5 min read03 June
Hopes for a summer holiday abroad have been dashed after the government confirmed Portugal would be taken off the “green list” of countries that do not require quarantine on return.
Portugal will be pushed onto the “amber list” from 4am on Tuesday, after which travellers will have to quarantine at home for 10 days on their return to England. The change also affects the Portuguese islands of Madeira and the Azores, which will move from the green to amber lists.
Previously travellers would simply have had to provide two negative Covid-19 test results, with the change expected to spark a scramble among those who have already made the trip to get back in time to avoid having to self-isolate.
“The public has always known travel will be different this year and we must continue to take a cautious approach to reopening international travel in a way that protects public health and the vaccine rollout,” transport secretary Grant Shapps said in a statement annoucing the change.
“While we are making great progress in the UK with the vaccine rollout, we continue to say that the public should not travel to destinations outside the green list.”
The Department for Transport said the decision had been made as a result of a mutation of the Delta variant detected in Portugal, alongside Covid cases almost doubling since it was placed on the green list.
While it was confirmed today that 50 per cent of UK adults have now received two doses of a vaccine, Covid cases have risen more than 30 per cent in the UK in a week, 75 per cent of which are the highly transmissible Delta variant.
Public Health England is currently investigating the variant, and it is not yet clear whether current levels of vaccination will prevent the rise in cases from resulting in a surge in hospital admissions and deaths.
“Increases in case rates in the UK serve as a reminder that this pandemic is not over yet and we need to take a cautious approach,” UK Health Security Agency chief executive Dr Jenny Harries said.
“Everyone should observe the travel guidance, continue to follow hands, face, space and fresh air, and have both doses of the Covid-19 vaccine when offered.
“Testing will help to break chains of transmission and allow us to see which variants are circulating so make sure you get tested when you return to the UK in line with the guidance.”
The government also confirmed that no new destinations would be added to the “green list,” despite hopes popular hotspots like the Greek and Spanish islands would be moved up from amber.
Afghanistan, Bahrain, Costa Rica, Egypt, Sri Lanka, Sudan, and Trinidad & Tobago will be added to the “red list”, meaning people returning to the UK from those countries will have to quarantine in an approved hotel for 10 days at a cost of £1,750.
On Thursday afternoon Shapps remained positive about the effectiveness of the UK’s vaccination programme, but seemed keen to prioritise further reopening of the economy over foreign travel.
“Europe is probably 10 weeks behind but they will catch up,” he said.
“The decisive action today is designed to protect the future, to make sure that we can do a domestic unlock or give ourselves the best possible chance of doing so, and that will also help us to unlock international travel given time.”
Boris Johnson had hinted new restrictions on travel were coming when he said yesterday he wanted to let people travel, but added “we’ve got to be cautious and we’ve got to continue to put countries on the red list, on the amber list, when that is necessary”.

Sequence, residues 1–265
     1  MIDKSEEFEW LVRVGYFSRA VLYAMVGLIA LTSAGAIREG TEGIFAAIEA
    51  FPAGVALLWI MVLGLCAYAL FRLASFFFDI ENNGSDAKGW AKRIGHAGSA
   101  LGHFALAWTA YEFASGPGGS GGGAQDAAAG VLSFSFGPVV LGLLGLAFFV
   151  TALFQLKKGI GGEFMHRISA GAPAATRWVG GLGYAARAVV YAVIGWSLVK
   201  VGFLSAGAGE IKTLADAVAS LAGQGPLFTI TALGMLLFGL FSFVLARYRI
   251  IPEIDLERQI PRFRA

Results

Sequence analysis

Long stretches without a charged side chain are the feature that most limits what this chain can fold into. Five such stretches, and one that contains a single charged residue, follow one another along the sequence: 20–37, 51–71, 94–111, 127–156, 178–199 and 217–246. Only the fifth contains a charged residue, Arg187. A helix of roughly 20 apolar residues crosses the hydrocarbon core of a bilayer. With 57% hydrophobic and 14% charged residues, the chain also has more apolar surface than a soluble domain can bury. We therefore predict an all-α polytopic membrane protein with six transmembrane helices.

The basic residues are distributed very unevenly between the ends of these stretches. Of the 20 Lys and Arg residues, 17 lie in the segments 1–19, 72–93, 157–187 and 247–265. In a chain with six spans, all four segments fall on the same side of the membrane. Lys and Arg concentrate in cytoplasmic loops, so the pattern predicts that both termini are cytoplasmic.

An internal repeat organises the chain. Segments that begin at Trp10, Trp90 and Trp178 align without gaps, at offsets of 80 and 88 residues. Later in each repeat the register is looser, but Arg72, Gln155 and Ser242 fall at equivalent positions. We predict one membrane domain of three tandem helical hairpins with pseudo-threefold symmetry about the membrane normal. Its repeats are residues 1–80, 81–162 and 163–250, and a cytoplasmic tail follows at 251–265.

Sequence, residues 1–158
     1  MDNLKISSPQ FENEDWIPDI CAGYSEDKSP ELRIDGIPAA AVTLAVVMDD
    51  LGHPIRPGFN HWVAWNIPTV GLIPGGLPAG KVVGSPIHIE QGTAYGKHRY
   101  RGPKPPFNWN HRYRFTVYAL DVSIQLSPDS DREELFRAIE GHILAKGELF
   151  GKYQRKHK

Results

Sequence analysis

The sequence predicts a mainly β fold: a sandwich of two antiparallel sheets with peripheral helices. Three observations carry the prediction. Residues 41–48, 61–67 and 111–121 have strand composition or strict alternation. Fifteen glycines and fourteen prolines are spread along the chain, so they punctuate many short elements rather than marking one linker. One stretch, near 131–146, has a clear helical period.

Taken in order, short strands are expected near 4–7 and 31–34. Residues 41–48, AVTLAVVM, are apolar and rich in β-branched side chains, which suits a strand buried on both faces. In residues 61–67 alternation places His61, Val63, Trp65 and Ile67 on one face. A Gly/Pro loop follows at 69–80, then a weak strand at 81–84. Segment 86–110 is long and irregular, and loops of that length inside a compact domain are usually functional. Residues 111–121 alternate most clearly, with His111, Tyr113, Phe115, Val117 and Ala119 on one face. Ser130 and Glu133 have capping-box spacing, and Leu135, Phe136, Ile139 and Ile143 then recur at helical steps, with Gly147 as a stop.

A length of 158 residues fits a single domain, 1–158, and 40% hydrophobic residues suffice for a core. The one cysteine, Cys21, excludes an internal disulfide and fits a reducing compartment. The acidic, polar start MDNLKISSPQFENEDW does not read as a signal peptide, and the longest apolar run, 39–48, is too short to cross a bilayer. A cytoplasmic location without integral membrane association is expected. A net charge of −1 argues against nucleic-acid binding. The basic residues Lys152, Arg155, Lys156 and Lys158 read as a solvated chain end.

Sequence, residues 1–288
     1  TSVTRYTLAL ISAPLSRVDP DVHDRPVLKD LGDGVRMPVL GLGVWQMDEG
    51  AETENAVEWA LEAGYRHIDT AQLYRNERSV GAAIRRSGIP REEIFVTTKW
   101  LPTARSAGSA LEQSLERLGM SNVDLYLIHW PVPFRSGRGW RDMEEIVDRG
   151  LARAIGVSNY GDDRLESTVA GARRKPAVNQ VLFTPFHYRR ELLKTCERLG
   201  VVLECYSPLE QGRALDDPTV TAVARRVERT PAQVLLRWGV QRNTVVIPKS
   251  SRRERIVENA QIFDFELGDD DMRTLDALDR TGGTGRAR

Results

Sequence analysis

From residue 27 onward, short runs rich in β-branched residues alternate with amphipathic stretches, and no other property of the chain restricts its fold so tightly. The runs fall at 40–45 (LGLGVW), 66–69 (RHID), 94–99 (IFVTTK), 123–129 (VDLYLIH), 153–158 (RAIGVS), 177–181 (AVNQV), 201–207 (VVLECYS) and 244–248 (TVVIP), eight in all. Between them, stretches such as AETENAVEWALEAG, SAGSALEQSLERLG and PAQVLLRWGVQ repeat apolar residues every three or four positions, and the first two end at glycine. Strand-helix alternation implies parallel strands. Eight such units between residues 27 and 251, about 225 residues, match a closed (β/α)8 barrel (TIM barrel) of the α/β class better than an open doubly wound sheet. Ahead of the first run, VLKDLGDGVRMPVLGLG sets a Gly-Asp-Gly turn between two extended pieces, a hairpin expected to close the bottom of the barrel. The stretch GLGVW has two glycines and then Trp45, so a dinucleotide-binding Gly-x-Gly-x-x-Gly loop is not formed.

The Prime Minister also said: “We will have no hesitation in moving countries from the green list to the amber list, to the red list, if we have to do so.”
Labour’s Shadow Home Secretary Nick Thomas-Symonds, who has already accused the government of botching travel guidance, said ministers had “caused chaos” with today’s update.
“The confusion over the “amber list” has led to reports of over 50,000 people travelling to the UK daily, with only a tiny percentage going into hotel quarantine and a stream of flights entering the UK from “amber list” countries,” he said.
“Labour has warned time and time again that this is leaving the door wide open to new strains of the virus.”
Portugal has now been in each of the UK’s three travel categories this year.
It had been placed on the “red list” back in January during efforts to curb the spread of the Brazilian variant, as a result of Portugal’s strong links with the South American country.
It was later one of just 12 places put on the first “green list” three weeks ago as the government dropped the ban of travelling abroad.
With several of the green list countries either not open to foreign visitors or unsuitable for a traditional holiday, Portugal became the top destination for Brits looking to get abroad for the first time in months.
But after thousands jetted out for some sun during the May half-term it will be brought into line with almost all other European countries that the government is telling people to visit only in an emergency.
Paul Charles, chief executive of travel PR firm The PC Agency, criticised the government for not adding more countries to the green list.
“I think it’s a terrible decision that threatens jobs and recovery in the travel sector,” he said.
“It shows little awareness of the safe destinations globally and is at odds with how citizens from other countries such as America are travelling.”
He said Brits who have have had both doses of the vaccine should be allowed to travel to a wider range of destinations.
He added: “They are basically putting at risk tens of thousands of jobs across aviation and the travel sector, and not showing any signs of helping the sector to recover.
“They seem to want to continue to create an atmosphere of fear among travellers, which is totally at odds with other countries.”
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